Created in December 1949, the United Nations Relief and Works Agency for Refugees in the Near East (UNRWA) is a relief and human development agency which supports more than 5 million Palestinians who are dubbed refugees. The claim is that the descendants of refugees are also refugees. This is not the conventional definition of a refugee. If one counts only the surviving refugees who fled their homes in 1948 the number is less than 100,000.

Originally intended to provide jobs on public works projects and direct relief, today UNRWA provides education, health care, and social services to the population it supports. Aid is provided in five areas of operation: Jordan, Lebanon, Syria, the Gaza Strip and the West Bank, including East Jerusalem; aid for Palestinian refugees outside these five areas is provided by UNHCR.

In the absence of a solution to the Palestine refugee problem, the General Assembly has repeatedly renewed UNRWA's mandate, most recently extending it until 30 June 2017.
UNRWA is the only UN agency dedicated to helping refugees from a specific region or conflict and is separate from UNHCR.

Formed in 1950, UNHCR is the main UN refugee agency, which is responsible for aiding other refugees all over the world. Unlike UNRWA, UNHCR has a specific mandate to aid its refugees to eliminate their refugee status by local integration in current country, resettlement in a third country or repatriation when possible. UNRWA allows refugee status to be inherited by descendants!

UNRWA has had to develop a working definition of "refugee" to allow it to provide humanitarian assistance. Its definition does not cover final status.

Palestine refugees are defined as "persons whose regular place of residence was Palestine during the period 1 June 1946 to 15 May 1948, and who lost both home and means of livelihood as a result of the 1948 conflict."

The descendants of Palestine refugee males, including adopted children, are also eligible for registration as refugees. When the Agency began operations in 1950, it was responding to the needs of about 750,000 Palestine refugees. Today, some 5 million Palestine refugees are registered as eligible for UNRWA services even though many of them are citizens of other countries including the US.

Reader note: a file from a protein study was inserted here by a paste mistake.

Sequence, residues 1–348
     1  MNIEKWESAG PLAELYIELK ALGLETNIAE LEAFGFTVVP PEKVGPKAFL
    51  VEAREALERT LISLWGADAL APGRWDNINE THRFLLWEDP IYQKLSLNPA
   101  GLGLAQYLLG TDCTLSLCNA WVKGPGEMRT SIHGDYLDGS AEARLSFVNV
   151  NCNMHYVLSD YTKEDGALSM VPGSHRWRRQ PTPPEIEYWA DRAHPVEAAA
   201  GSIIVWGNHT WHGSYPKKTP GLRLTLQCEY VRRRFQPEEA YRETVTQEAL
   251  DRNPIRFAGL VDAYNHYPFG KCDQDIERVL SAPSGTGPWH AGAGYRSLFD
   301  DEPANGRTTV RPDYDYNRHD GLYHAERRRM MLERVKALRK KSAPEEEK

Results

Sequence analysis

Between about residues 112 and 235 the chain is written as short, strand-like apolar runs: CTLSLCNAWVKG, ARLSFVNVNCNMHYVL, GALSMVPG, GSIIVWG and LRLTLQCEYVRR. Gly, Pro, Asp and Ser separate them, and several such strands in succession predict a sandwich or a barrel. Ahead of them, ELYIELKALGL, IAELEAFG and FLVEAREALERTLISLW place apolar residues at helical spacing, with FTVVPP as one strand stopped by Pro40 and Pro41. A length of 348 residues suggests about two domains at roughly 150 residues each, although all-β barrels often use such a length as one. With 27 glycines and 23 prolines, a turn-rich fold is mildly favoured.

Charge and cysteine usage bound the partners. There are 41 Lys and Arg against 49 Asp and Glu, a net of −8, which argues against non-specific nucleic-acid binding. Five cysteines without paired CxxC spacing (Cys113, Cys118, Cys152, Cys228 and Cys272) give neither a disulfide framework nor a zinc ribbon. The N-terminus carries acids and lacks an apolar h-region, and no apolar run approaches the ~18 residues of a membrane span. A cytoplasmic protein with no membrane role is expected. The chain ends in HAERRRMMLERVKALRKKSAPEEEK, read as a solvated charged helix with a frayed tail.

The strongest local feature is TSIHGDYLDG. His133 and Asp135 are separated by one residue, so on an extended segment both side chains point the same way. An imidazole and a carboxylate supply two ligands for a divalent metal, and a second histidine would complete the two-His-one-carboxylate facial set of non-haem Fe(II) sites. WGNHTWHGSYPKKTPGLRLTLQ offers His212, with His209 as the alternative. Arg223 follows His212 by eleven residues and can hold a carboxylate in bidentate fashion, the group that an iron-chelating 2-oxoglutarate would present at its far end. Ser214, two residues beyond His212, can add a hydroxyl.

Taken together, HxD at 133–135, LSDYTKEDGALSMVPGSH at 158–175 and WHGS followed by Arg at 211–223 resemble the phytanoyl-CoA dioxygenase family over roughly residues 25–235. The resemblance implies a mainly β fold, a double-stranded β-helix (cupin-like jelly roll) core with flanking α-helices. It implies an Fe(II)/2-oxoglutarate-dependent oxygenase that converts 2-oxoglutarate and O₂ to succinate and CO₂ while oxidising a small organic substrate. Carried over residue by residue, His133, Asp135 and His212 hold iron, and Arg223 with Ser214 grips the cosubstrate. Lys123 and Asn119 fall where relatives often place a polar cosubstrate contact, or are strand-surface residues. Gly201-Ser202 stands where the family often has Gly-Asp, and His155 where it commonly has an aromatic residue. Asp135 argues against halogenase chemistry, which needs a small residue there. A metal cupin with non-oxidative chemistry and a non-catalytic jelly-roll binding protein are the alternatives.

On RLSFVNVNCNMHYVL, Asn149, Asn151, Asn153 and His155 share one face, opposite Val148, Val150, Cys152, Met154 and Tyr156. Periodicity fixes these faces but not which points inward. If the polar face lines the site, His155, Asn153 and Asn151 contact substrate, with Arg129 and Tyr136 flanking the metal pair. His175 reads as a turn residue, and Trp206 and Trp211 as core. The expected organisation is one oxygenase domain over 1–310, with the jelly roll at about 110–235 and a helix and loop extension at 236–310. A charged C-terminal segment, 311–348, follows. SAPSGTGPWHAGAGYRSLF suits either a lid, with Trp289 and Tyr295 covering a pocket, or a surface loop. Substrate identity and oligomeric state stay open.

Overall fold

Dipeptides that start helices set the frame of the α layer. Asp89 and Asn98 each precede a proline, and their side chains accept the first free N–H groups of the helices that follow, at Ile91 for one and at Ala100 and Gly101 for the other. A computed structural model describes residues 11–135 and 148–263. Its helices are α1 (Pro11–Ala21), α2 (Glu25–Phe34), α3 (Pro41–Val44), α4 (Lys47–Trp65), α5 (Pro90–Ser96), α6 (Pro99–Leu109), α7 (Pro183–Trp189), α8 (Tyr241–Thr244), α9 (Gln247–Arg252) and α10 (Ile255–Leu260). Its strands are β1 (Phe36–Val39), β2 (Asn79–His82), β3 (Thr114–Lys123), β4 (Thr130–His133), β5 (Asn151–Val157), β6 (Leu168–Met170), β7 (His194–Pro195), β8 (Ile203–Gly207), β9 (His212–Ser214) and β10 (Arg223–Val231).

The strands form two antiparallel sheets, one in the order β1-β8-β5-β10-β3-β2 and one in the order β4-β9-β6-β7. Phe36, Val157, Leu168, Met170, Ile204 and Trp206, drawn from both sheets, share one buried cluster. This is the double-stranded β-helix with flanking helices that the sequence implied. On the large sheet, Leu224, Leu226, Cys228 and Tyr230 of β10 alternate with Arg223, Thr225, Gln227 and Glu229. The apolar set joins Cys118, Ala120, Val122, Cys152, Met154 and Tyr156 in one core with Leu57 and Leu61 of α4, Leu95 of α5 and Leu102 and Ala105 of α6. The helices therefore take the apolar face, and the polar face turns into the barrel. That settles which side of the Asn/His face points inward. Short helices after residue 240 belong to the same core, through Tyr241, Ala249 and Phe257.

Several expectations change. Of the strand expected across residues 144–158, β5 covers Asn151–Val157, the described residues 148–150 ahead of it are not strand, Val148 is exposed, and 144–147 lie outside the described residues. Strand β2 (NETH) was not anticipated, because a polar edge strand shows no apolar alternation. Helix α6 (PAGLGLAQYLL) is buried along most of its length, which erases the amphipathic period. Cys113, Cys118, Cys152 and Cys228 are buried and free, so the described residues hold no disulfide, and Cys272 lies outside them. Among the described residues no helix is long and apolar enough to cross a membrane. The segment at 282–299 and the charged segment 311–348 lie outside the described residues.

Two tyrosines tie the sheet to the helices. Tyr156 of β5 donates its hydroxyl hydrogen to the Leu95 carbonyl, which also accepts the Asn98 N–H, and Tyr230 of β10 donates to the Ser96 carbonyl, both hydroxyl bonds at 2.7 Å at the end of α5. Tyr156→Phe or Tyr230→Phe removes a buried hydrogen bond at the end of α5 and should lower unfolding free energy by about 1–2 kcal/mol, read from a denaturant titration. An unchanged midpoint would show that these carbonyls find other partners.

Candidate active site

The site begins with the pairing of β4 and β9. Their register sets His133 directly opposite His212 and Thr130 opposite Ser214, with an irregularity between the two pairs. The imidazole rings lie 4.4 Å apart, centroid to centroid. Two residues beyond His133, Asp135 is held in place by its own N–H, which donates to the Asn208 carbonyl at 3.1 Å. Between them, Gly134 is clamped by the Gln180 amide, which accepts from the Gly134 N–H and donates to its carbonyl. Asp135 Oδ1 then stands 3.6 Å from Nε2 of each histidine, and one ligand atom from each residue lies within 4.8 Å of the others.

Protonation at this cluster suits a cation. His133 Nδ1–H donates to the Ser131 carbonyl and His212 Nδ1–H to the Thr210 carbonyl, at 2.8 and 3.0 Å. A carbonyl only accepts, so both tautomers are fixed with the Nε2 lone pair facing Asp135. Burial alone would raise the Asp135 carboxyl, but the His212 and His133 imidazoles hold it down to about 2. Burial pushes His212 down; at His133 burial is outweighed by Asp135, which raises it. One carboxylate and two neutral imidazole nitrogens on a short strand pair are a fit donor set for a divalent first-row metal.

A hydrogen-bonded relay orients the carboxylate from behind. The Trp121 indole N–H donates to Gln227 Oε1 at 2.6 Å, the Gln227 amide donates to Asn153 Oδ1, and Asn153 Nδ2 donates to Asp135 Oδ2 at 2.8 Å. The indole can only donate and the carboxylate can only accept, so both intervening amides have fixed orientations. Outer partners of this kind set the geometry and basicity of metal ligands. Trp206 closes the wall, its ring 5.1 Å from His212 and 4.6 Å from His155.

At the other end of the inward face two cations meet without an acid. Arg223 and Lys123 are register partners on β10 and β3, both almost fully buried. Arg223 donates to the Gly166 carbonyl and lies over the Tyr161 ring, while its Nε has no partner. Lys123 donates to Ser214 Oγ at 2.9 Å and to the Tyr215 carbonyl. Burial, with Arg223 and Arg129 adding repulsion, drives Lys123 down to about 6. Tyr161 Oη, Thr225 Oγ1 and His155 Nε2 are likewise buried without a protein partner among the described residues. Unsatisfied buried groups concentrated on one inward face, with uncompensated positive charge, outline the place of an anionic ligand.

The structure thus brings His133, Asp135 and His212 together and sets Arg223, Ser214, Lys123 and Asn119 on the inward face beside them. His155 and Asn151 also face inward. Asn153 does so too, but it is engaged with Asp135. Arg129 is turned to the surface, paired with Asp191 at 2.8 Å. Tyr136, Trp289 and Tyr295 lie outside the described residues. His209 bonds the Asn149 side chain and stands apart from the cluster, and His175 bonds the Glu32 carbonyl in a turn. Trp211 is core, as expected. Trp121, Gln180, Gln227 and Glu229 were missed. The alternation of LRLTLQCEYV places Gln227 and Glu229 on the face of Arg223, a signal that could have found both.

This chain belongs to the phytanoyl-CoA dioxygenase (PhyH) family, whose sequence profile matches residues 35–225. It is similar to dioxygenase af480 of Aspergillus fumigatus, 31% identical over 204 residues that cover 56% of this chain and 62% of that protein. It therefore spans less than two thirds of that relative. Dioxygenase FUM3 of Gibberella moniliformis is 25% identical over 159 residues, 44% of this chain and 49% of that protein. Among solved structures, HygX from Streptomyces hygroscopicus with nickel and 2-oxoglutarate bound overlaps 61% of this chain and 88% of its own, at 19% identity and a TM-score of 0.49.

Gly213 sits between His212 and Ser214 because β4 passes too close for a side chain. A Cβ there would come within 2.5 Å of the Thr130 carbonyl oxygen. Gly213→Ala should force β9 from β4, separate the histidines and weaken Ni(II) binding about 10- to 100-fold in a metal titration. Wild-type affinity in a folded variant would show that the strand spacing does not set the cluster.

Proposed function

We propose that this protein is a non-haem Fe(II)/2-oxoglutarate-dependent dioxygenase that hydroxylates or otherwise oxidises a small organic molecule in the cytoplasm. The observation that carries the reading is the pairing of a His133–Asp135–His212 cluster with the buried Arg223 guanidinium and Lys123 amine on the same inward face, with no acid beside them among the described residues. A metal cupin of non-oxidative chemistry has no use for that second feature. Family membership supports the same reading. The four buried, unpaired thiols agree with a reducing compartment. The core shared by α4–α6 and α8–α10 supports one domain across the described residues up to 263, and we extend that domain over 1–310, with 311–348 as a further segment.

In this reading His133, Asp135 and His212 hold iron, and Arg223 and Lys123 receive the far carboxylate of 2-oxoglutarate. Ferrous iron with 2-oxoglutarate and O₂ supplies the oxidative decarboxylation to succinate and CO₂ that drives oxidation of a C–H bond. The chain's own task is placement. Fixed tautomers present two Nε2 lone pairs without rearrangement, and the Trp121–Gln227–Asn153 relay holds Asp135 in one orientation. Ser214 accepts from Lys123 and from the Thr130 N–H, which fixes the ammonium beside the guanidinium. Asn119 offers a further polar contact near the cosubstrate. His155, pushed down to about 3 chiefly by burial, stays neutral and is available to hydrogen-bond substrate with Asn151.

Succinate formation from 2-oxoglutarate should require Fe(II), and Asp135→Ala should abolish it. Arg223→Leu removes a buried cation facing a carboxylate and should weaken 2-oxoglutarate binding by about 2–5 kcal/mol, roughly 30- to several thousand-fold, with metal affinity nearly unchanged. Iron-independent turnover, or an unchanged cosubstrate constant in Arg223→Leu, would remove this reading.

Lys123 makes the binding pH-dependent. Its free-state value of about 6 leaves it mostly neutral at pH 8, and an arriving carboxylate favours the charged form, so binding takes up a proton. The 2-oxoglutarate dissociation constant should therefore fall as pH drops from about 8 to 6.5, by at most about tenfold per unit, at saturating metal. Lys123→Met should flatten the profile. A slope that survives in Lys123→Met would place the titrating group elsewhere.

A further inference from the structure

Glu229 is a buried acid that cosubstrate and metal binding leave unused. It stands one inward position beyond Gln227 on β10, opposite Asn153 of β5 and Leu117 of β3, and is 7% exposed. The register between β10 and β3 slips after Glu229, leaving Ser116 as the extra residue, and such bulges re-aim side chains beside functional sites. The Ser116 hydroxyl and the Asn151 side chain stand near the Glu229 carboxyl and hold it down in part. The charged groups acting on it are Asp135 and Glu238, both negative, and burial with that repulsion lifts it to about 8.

UNRWA provides facilities in 59 recognized refugee camps in Jordan, Lebanon, Syria, the West Bank, and the Gaza Strip, and in other areas where large numbers of registered Palestine refugees live outside of recognized camps. Refugee camps, which developed from tent cities to dense urban dwellings similar to their urban surroundings, house around one third of all registered Palestine refugees.


Most of UNRWA's funding comes from European countries and the United States.
In 2011, the United States was the largest single donor with a total contribution of over $239 million, followed by the European Commission's $175 million contribution.
In 2013, $1.1 billion was donated to UNRWA, of which $294 million was contributed by the United States.
In 2016, the United States donated $368 million to the agency, and $350 million in 2017, but has cut around one third of its contributions for 2018.
The USA has finally cut the funding. Currently the largest contributor to UNRWA is Germany.